• Other people set one’s objectives, provide one’s resources, and furnish one’s information. One rarely controls the circumstances of his work, or even its goal. In management terms, one’s authority is not sufficient for his responsibility.
  • The dependence upon others has a particular case that is especially painful for the system programmer. He depends upon other people’s programs (often maldesigned, poorly implemented, incompletely delivered (no source code or test cases), and poorly documented). Forcing to  spend hours studying and fixing things that in an ideal world would be complete, available, and usable.
  • Designing grand concepts is fun; finding nitty little bugs is just work. With any creative activity come The Woes of the Craft dreary hours of tedious, painstaking labour.
  • Debugging has a linear convergence, so testing drags on and on, the last difficult bugs taking more time to find than the first.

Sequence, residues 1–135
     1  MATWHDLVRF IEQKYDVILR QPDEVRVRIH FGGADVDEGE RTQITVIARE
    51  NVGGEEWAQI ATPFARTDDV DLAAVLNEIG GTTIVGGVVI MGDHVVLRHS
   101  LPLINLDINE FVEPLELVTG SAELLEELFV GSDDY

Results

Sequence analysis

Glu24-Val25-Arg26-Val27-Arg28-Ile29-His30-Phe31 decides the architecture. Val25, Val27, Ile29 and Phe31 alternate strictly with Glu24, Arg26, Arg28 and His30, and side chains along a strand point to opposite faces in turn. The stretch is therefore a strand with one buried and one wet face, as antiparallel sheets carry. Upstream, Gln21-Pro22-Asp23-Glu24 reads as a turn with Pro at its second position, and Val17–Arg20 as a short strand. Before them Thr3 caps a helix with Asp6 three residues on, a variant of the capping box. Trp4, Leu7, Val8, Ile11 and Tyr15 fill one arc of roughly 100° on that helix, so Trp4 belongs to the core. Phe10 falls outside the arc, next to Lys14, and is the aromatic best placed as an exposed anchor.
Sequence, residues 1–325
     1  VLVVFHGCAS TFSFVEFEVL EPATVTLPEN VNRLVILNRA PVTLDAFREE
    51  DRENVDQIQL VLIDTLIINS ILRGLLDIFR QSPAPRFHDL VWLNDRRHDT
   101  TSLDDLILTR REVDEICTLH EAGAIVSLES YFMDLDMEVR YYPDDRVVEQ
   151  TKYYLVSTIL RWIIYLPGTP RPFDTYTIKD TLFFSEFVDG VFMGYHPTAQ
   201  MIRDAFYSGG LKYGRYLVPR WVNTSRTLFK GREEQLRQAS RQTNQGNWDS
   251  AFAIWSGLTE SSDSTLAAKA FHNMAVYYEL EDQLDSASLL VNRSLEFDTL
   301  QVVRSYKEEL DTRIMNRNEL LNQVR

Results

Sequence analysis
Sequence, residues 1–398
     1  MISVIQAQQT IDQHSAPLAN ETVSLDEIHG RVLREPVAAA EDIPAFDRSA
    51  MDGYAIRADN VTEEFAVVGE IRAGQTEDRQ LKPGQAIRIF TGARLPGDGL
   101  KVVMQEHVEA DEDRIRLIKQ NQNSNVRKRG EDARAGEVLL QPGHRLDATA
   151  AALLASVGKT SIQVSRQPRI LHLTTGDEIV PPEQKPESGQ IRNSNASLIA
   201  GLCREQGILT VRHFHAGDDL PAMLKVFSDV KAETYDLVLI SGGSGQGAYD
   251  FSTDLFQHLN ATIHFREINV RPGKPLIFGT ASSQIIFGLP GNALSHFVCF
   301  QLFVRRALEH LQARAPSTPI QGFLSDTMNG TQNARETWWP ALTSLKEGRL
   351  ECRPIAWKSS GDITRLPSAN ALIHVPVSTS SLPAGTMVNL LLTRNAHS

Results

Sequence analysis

• The product over which one has laboured so long appears to be obsolete upon (or before) completion. The technological base on which one builds is always advancing. As soon as one freezes a design, it becomes obsolete in terms of its concepts. But implementation of real products demands phasing and quantizing. The obsolescence of an implementation must be measured against other existing implementations, not against unrealized concepts.

The challenge and the mission are to find real solutions to
real problems on actual schedules with available resources.

This then is programming, both a tar pit in which many efforts have floundered and a creative activity with joys and woes all its own. For many, the joys far outweigh the woes, and for them the remainder of this book will attempt to lay some boardwalks across the tar.